Rurality said...
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Rurality said...

(Don't you just hate it when you have to erase your comment to your own post because of a spelling error, and also have to admit the fact that you're so anal that you can't just let it stand? Yeah, me too.)

Thanks all. I was hoping to word that in such a way that no one took offense... just a "practice what you preach" sort of thought.

Mrs. Chippy, you aren't the Chippy that I know from B'ham are you? Blond and petite and annoyingly good at crafts?!

Dave, LOL. I'm thinking of changing the tagline (to "life in the sticks" or something similar)... future comment excavators will wonder what in the world you're talking about. :)

Thanks Pablo, Eva, Thingfish. Anvilcloud, both of those things did happen, although not on the same day. I think parking lot evangelists tend to take Sundays off. :) That actually happened a few weeks ago, it was just the restaurant incident Sunday that made me want to post about both of them.

My husband has this idea that we should tell people that we are Masonites. :)

Jenn said...

"Just eat it and shut up."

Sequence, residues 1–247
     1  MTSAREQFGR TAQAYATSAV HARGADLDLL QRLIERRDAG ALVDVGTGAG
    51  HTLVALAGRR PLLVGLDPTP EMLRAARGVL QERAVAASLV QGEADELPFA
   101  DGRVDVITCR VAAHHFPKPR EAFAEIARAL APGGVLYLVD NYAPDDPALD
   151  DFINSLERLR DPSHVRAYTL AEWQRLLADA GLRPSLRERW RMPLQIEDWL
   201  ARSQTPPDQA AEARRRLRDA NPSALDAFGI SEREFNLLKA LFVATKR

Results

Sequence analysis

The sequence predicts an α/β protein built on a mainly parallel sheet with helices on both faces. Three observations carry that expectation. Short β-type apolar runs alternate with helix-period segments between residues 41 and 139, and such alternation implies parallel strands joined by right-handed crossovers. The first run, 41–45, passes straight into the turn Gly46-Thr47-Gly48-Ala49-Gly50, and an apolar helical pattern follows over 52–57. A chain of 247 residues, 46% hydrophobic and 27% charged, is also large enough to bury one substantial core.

Whew. Love that one. Kind of applies to television programing, too.

Yesterday - I ran out of the house and told the big generic lawn crew people that were about to mow the lawn next door that the lady that used to rent the place (who cut down all the good trees - ash and maple, and left up the poplar and boxelder - but that's another story) had put down bunches of rocks in random placement all over the yard, and they should watch out for the mower blades.

They looked at me with that google-eyed look for a long moment, and then one of them actually said 'thanks.'

Whereupon I said 'no problem' and went back to my house. I did note that they missed all the rock hazards.

Nobody's just nice anymore. Nobody just does nice things because they are neighborly and because they can.

It's a strange strange world we live in.

NoIvory said...

On days like this, Rurality, I tell myself that someone else's bad behavior has nothing to do with me and everything to do with that person's bad day.

Try not to waste energy finding fault or thinking people should be a certain way because of their faith, or class or whatever. We've all had shitty days, and some of us aren't as evolved as others. They may find their way, but they need understanding and direction. Of course this doesn't always work!

One time two teenagers were walking near my aunt and me and one of them tossed his empty soda can on somebody's lawn. I said "Hey, can you pick that up," and tried to reason his self-centeredness, saying, "you don't want to look at that cup when you're walking by here tomorrow do you?" He kept walking, probably to be cool in front of his friend. I'll guarantee you everytime he throws a cup away he thinks about it, one way or another and knows he can do better.